McIntosh MC-275, MX-110 preamp and La Scala's??

I am one for experimentation. Thermionics not only peaks my curiousity, but thrills the @#%$@%# out of me.

Being a beginner in the very complex society of thermionic valve technology, and the versed audiophiles..., many of which are on the 'Audiogon' website.., I move ahead with confidense in matching up components that make sweet misic.

I have matched up a MC-275 (90's new generation), a MX-110 preamp tuner (a poor mans glorified C-2200), and a fresh pair of awesome Klipsch La Scala's (black in color to match the MC-275). I have elected to listen to my music with a Shanling CD-T100 compact disc player. If you have noticed..., the entire set up is 100% thermionic valve (tube).

The sound production is SWEET! The efficientcy of the Klipsch La Scala's are pretty much evident, for I have never heard music produced so magically, and so controlled..., untill I met up with a man named 'Will Vincent'. Most refer to him as the 'King of Dynaco'.

Getting pretty interesting? Please read on!!

While on the famed 'Audiogon' website one warm afternoon down here in sunny Central Florida, a couple of months ago, I came across some wild and wierd looking Dynaco ST-70 reproductions built by Will Vincent himself. Some had cosmetic effects and colors that would make 'Liberacchi' blush. I've even seen a bananna colored one! Imagine that?

I just had to contact this Mr. Vincent to find out who he was and what made him tick. To make a long and uninteresting story short, Will Vincent designed for me a pair of Dynaco MK-III mono blocks. Because I am somewhat on the conservative side..., my color scheme was a gloss black front/face plate with a smart looking blue diode which illuminates when the power is on and a toggle switch on top of both units used to switch the circuitry from UL to triode mode, a wrinkled flat black body, chrome outer plates on the 3 huge power supply transformers..., all powder coated and all controls and inputs/outputs are beautifully mounted in the rear. He told me that these units will out perform the MC-275. Yea right! That remained to be seen..., I mean heard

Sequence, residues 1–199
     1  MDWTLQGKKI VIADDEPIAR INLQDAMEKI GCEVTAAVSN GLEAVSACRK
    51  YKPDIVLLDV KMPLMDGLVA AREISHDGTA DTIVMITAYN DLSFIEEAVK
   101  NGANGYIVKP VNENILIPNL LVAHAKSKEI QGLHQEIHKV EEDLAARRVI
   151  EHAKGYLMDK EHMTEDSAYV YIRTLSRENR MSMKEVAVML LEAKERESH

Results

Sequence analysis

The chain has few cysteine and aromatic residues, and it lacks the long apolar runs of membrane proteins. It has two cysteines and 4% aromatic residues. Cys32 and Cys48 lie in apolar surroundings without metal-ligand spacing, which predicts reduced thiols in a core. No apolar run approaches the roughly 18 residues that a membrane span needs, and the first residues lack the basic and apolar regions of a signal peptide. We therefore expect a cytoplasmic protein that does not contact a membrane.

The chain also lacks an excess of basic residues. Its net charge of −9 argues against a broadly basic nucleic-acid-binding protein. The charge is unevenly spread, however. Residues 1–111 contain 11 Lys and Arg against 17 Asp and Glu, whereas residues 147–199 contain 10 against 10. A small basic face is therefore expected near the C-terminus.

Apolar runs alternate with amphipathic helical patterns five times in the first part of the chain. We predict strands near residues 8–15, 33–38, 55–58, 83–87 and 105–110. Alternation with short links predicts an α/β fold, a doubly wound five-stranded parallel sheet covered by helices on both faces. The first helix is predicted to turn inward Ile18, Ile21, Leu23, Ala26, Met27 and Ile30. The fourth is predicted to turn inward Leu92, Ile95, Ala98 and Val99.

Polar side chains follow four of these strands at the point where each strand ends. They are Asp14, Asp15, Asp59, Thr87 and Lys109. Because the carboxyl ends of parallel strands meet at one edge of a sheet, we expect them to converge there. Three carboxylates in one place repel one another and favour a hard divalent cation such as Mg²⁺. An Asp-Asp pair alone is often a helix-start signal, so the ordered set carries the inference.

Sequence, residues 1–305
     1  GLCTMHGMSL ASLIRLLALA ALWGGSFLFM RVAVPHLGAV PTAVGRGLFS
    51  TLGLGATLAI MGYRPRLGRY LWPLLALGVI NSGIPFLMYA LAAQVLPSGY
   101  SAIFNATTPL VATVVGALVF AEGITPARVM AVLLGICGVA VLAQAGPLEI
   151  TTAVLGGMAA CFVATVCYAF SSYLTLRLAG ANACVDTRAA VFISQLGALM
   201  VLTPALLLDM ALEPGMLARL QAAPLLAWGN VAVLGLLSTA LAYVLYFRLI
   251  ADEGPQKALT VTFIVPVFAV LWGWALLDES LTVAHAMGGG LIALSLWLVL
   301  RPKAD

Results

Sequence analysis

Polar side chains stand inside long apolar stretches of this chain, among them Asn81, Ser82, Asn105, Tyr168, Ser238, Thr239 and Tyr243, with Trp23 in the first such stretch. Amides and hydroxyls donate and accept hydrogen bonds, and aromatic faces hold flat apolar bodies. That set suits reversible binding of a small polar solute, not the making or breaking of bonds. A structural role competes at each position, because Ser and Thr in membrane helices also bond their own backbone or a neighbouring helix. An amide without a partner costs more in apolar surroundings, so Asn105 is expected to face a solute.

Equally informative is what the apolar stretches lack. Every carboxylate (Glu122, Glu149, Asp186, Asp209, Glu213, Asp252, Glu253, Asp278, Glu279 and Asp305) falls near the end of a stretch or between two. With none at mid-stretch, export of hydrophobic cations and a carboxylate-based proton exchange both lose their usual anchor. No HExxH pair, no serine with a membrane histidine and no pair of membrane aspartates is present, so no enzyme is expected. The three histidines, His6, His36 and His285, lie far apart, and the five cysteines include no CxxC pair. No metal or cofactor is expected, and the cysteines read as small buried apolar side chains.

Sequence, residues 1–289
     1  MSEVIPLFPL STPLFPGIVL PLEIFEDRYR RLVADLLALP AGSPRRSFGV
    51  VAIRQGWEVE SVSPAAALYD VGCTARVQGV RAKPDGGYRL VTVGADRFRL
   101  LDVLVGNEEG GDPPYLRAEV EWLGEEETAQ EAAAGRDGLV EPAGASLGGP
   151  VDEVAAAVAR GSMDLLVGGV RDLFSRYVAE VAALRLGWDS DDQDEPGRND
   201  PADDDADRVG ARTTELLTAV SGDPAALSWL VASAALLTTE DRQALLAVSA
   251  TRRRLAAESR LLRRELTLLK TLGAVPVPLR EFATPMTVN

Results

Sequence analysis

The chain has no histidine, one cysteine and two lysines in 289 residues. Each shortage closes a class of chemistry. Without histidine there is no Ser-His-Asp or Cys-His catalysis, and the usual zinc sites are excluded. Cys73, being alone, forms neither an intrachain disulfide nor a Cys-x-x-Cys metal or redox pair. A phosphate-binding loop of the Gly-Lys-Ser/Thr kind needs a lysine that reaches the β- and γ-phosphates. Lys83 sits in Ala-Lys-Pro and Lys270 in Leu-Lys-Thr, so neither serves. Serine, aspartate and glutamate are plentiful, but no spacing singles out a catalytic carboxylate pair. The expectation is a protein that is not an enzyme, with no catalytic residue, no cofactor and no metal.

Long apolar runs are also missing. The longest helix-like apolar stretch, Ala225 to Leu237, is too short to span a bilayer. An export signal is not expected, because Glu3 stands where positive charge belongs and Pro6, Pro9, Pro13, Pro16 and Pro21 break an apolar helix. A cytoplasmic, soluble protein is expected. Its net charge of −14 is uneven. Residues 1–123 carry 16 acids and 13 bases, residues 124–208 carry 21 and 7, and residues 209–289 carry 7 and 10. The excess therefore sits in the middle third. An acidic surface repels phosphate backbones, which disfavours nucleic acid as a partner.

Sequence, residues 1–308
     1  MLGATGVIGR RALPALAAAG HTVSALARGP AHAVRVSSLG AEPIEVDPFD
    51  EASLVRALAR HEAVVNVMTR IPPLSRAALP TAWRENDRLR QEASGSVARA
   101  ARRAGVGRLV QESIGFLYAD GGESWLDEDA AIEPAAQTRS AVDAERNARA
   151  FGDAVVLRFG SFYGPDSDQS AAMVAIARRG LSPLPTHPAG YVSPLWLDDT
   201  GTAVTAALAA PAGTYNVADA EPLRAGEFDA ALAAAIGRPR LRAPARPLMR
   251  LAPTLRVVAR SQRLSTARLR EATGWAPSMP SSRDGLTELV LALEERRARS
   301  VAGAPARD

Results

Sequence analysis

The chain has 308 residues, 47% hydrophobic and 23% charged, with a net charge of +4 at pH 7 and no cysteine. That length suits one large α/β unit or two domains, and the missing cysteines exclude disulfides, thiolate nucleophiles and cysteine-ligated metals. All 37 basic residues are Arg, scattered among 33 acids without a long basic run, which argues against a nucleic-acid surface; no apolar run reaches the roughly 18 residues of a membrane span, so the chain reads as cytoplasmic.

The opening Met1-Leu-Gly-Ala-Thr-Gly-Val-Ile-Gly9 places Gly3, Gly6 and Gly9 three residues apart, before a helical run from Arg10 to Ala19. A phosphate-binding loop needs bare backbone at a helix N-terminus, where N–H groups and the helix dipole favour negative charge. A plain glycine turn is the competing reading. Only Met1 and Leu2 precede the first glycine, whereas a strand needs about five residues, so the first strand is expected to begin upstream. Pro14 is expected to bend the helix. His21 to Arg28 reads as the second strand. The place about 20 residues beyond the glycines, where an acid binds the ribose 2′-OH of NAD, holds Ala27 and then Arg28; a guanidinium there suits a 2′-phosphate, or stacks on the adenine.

The circuitry of the MK-III's stayed close to that of the original design of 1957.., but 'BEEFED UP' with better caps, and better power supplies. Each unit is rated at a conservative 60 wpc using Electro-Harmonics KT-88's, but can easily be pushed without breaking a sweat to a whopping 75 wpc with still the same distortion rating as if it were pushing 15 wpc. Freaking amazing!

OK..., I disconnected both my MC-225 & MX-110 and hooked up these beefy looking MK-III's. As a preamp, I used a rare 6 tube Dynaco PAS-4 (90's release), with a dbx Project 1 spectual enhancer 296, to control my lows & highs. I maintained the Shanling CD player and the La Scala's to keep somewhat the playing field level.

Queens 'Bohemian Rapsody' was inserted in the Shanling while the entire valve system was warming up. When I cranked the system....., "HOLLY #$#@$#!!" I died and went to Heaven. Someone out there pinch me.., I must be sleep.., this can't be real!!!

It is beyond me how a pair of MK-III mono blocks designed by Will Vincent can out perform the 'Holy Grail' of all valve amplifiers.., the McIntosh MC-275? In both UL and triode positions, the beefy, but simple circuitry design of the Dynaco amps ran circles around famous MC-275.

Please don't get me wrong. I still sleep with my big mac, but choose to lead a double life with the mono block Dynaco's.

My question is a fair one. Because both of these amps were developed/designed circa the same era, although the MC-275 predates the MK-III some 10 years or less, and both having newer/better/stronger circuitry being that they are both recent generation models...., Why is the Dynaco so much better on all levels????

My Klipsch La Scala's tremble with terror with the sight of the Dynaco's. I guess its because of the awesome efficientcy they possess. I have always been under the impression that the McIntosh products were for deep pockets, while the Dynaco was for the poor and less fortunate audiophile? If this so..., then the saying "You get what you pay for" is a falacy in this case.